Determination of waist circumference cutoff values predictive of obesity in apparently healthy Nigerians: a multi centre study

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Okafor, C
Gezawa, I
Sabir, A
Raimi, T
Fasanmade, O
Ohwovoriole, A.E
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Introduction/Background Waist circumference (WC) is recommended as a simple clinical tool for determining obesity. Ethnic specific cutoff values have been proposed but for regions with insufficient data, values from other regions were recommended to be used for them [1]. This is applicable to Nigeria which belongs to the sub Saharan Africa which currently uses European cutoff values. Objective: To determine the Waist Circumference cutoff values for predicting obesity in Nigerian subjects. Method: A cross-sectional descriptive survey was carried out in at least one urban city in four geo-political zones of Nigeria. Apparently healthy subjects (subjects not known to have hypertension or diabetes) were selected using multi-stage random sampling techniques. Data collection was done using the WHO Steps instrument [2]. Variables were measured as recommended in the WHO steps instrument. BMI was used to categorize the subjects into obese and non-obese subjects using BMI ≥30 kg/m2 [3]. Performances of WC and Cutoff values were derived from Receiver-Operating Characteristic (ROC) analysis using the area under the curve (AUC) and maximization of sensitivity (Sn) and specificity (Sp) respectively. Data were expressed as mean (SD). Pearson’s correlation and ROC statistical tools were used in SPSS version 20 software. Level of significance was set at <0.05. Results: 4,258 subjects consisting of 2,292 (53.8%) males and 1,966 (46.2%) females were involved in the study. The mean (SD) of age, waist circumference ((and)) BMI were 41.1 (15) years, 85.2 (13) cm and 24.7 (5) kg/m2 respectively. WC was well correlated with BMI (r=0.73; p<0.0001). WC was higher in females (86.6 (13.6) vs 84 (12.2) cm); p<0.0001). 624 (14.7%) subjects were classified as obese subjects using BMI. The area under the curve (AUC) with 95% CI in ROC analysis for WC showed that WC was a good tool for predicting obesity in the males (0.88 (0.85 – 0.90)) and females (0.89 (0.87 – 0.91)); p<0.0001). WC cutoff values selected for males and females were 97cm (Sn: 73.1%; Sp: 90.7%) and 95cm (Sn: 83.3%; Sp: 84.8%) respectively. The Sn and Sp of already existing cutoff values in use are: IDF (males: WC – 94cm (Sn: 76.6%; Sp: 86%), females – 80cm (Sn: 96%; Sp: 43.5%), ATP –III (males: WC – 102cm (Sn: 49.8%; Sp: 95.7%), females: 88cm – (Sn: 91.6%; Sp: 67.5%). Conclusion: Waist circumference is a good tool for predicting obesity. Using the selected criterion that maximizes sensitivity and specificity we propose WC cutoff values of 97cm and 95cm for Nigerian males and females respectively.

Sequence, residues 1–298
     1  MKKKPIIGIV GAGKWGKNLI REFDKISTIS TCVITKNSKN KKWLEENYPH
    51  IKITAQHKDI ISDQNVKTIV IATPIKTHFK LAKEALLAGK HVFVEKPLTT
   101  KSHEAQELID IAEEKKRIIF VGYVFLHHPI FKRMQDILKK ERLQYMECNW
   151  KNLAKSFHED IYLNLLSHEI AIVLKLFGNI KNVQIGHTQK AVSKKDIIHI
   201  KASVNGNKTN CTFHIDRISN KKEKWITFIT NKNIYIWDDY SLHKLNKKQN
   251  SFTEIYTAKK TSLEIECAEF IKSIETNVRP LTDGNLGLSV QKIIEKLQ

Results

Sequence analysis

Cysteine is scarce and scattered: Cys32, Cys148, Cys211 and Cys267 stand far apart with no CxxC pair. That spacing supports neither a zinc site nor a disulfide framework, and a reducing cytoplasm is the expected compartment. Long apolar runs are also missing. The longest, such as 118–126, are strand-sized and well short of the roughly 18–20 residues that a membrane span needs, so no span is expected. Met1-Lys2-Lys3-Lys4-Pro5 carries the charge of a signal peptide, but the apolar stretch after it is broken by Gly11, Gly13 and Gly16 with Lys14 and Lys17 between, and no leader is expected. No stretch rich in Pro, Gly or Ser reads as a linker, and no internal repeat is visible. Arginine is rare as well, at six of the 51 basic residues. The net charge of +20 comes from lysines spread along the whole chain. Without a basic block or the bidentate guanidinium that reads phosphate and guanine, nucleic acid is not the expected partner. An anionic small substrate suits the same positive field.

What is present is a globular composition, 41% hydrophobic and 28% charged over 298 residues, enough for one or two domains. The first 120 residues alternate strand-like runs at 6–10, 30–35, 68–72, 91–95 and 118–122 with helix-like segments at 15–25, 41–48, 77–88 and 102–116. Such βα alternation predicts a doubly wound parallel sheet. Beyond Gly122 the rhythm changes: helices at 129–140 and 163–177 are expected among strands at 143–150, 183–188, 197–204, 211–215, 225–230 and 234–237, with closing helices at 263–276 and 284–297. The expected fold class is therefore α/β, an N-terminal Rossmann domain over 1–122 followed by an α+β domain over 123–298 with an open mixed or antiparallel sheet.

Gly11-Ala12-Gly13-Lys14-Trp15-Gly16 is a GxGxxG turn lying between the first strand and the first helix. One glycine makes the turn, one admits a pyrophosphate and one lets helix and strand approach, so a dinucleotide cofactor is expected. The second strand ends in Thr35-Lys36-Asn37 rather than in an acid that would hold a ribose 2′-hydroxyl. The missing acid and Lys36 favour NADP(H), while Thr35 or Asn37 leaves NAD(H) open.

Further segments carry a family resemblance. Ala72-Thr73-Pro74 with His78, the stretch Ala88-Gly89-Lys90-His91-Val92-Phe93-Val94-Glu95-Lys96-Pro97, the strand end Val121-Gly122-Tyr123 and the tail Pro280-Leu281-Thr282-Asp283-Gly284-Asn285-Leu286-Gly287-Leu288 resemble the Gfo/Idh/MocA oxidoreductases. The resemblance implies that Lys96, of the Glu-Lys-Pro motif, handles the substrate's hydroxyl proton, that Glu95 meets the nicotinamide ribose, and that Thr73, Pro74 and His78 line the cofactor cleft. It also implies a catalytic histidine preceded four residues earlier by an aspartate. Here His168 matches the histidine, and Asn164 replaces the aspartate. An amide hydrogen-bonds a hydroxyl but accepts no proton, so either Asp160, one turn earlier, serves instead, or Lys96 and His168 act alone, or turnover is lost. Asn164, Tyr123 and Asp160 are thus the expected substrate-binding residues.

waist circumference, cutoff levels, obesity, Nigerians
Okafor C, Gezawa I, Sabir A, Raimi T, Fasanmade O, Mubi BM, Odusan O, Puepet F, Ofoegbu E, Ohwovoriole AE. Determination of waist circumference cutoff values predictive of obesity in apparently healthy Nigerians: a multi centre study. Nigerian Society of Endocrinology and Metabolism 2013 conference